Build Stuff!

Tim Berners-Lee:

Extending on the about page, I want to emphasise even more the importance of creating personal projects, having independent work and going far beyond what a degree might teach you. Just so that we are on the same page, I will not take into consideration the reason for choosing a Computer Science degree, nor the money aspect of doing a degree, but rather I will assume only that you are doing a Computer Science degree and my focus will be on how to make the most out of it.

The computer world has evolved a lot in 50 years and computers, with everything they entail, are nowadays easy to use; take for example GUIs for art designing or forums for programming erros. That is why the Computer Science degrees also adapted and stopped teaching irrelevant topics, such as Fortran (an old programming language) or MS-DOS (an outdated operating system). The currently taught topics make use of the most significant advantacements in technology and free students from some of those old pains. Nevertheless, degrees seem to lack lectures on fundamental skills in programming and in dealing with machines.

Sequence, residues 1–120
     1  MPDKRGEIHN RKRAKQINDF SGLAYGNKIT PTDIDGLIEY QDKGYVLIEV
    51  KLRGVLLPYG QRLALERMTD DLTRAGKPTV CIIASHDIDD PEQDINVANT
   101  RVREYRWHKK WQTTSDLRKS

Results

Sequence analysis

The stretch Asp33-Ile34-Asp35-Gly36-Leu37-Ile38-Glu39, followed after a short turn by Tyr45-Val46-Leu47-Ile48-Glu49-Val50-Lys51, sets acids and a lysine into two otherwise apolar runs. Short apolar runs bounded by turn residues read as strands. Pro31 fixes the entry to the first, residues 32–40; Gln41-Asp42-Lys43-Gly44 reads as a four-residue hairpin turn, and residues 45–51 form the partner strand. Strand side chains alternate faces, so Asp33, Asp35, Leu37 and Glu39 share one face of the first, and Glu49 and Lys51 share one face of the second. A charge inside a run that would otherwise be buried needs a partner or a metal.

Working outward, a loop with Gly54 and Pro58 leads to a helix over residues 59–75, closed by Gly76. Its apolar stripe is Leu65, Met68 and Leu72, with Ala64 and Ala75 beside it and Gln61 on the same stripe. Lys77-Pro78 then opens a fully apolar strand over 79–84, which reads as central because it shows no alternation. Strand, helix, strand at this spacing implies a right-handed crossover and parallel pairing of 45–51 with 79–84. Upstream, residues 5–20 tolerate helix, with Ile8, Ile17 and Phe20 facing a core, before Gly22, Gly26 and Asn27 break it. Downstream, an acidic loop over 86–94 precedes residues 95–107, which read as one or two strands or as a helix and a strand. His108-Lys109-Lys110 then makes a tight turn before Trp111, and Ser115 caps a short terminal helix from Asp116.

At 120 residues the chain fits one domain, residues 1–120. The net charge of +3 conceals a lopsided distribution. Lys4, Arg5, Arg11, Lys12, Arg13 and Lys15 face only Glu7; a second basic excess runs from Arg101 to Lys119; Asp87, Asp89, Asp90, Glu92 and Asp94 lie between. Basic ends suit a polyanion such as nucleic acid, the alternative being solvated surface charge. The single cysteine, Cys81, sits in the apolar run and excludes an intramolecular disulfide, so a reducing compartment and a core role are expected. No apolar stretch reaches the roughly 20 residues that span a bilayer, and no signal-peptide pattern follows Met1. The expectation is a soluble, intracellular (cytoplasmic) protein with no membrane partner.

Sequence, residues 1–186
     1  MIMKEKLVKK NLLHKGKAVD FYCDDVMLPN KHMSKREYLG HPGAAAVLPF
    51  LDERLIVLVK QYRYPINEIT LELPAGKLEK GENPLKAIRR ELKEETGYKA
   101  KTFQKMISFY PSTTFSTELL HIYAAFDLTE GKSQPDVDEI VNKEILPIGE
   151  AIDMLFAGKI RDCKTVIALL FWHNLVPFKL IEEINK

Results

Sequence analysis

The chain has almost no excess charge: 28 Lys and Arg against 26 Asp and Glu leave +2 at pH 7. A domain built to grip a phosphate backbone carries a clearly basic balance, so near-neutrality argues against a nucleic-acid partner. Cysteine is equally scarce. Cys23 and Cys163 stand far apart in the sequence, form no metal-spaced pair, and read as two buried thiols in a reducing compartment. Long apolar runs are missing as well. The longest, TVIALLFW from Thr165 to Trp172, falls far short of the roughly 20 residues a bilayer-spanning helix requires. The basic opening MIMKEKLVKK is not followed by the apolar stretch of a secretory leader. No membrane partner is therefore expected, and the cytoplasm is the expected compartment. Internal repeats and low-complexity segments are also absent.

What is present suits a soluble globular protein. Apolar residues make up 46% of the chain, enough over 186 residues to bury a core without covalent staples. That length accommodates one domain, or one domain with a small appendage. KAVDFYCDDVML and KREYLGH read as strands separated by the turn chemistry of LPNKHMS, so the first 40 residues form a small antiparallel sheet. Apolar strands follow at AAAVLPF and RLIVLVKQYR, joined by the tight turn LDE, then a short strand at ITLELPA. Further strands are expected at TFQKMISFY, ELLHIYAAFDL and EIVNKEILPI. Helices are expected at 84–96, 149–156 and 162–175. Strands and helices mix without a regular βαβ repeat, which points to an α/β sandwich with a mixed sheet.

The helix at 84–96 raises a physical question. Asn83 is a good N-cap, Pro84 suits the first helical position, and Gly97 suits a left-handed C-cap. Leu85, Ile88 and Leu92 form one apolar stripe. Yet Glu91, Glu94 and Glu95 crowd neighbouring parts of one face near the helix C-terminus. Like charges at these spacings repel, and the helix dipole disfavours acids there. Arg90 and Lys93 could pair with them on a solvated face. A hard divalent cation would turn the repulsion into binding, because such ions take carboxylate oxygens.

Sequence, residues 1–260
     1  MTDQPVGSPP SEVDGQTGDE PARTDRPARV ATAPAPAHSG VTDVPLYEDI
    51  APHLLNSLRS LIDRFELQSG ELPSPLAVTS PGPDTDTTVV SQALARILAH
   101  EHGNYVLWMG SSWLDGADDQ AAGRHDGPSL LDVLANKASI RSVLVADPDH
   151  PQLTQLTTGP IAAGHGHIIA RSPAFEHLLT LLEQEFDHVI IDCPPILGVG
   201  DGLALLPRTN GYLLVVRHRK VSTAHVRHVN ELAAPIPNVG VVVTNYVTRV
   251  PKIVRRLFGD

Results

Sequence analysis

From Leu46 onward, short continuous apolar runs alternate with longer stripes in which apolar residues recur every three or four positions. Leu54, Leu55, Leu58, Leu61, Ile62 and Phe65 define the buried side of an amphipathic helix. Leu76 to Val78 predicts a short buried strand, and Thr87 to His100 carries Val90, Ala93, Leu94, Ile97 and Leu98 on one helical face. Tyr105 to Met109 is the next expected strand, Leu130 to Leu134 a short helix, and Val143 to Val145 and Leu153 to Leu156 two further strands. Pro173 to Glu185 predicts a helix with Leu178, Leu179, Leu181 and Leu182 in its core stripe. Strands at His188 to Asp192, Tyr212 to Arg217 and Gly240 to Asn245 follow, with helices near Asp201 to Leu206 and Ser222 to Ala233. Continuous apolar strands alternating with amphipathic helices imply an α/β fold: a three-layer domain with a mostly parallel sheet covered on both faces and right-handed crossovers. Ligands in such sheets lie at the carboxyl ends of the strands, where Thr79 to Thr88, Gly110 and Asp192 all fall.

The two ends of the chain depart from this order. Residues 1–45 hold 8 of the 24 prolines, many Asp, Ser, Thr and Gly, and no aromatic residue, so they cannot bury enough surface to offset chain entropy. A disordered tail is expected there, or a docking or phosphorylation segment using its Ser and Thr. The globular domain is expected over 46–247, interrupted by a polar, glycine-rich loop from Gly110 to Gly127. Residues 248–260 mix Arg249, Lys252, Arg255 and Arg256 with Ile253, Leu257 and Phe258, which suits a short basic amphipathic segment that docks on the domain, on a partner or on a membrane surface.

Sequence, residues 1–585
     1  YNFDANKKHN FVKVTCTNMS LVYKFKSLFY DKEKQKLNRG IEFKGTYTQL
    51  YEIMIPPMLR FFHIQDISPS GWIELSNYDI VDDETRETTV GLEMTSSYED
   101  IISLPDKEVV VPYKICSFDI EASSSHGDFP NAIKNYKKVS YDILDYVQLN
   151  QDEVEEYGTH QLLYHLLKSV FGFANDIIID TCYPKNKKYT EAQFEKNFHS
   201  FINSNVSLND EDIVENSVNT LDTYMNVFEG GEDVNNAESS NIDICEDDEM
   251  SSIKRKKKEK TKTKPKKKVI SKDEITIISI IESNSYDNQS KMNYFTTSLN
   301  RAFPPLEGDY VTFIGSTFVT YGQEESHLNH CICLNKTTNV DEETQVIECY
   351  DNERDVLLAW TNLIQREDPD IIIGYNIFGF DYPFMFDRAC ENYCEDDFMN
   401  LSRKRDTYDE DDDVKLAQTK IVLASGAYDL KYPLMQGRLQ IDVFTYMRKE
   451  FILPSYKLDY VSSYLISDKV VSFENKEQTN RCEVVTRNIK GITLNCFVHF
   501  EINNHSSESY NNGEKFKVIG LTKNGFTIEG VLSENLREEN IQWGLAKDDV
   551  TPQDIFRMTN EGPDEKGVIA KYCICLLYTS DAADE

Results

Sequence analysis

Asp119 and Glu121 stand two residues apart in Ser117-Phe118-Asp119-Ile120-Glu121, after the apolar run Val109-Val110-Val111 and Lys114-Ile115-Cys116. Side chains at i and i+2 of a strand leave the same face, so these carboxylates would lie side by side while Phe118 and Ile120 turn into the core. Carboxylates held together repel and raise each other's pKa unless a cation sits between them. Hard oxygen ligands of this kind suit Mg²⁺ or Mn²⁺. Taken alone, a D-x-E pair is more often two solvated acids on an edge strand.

Of course, there are important things the degrees do teach, and those are mainly related to basic concepts of algorithms and data structures, architecture, databases and networks. They also teach compilers and security, so one gets a good grasp of various relevant fields and can definitely do more with computers than simply plugging together a couple of cables. However, that is the apparent safety net we do not want to find ourselves in, at least for two reasons: first, this knowledge may not even be useful in an actual job, as all the trivia you know is general and possibly long disregarded in the industry, and second, graduates from Physics or Engineering are competing with you for all the tech jobs, because they require the same amount of job training, while potentially having a stronger analytical side.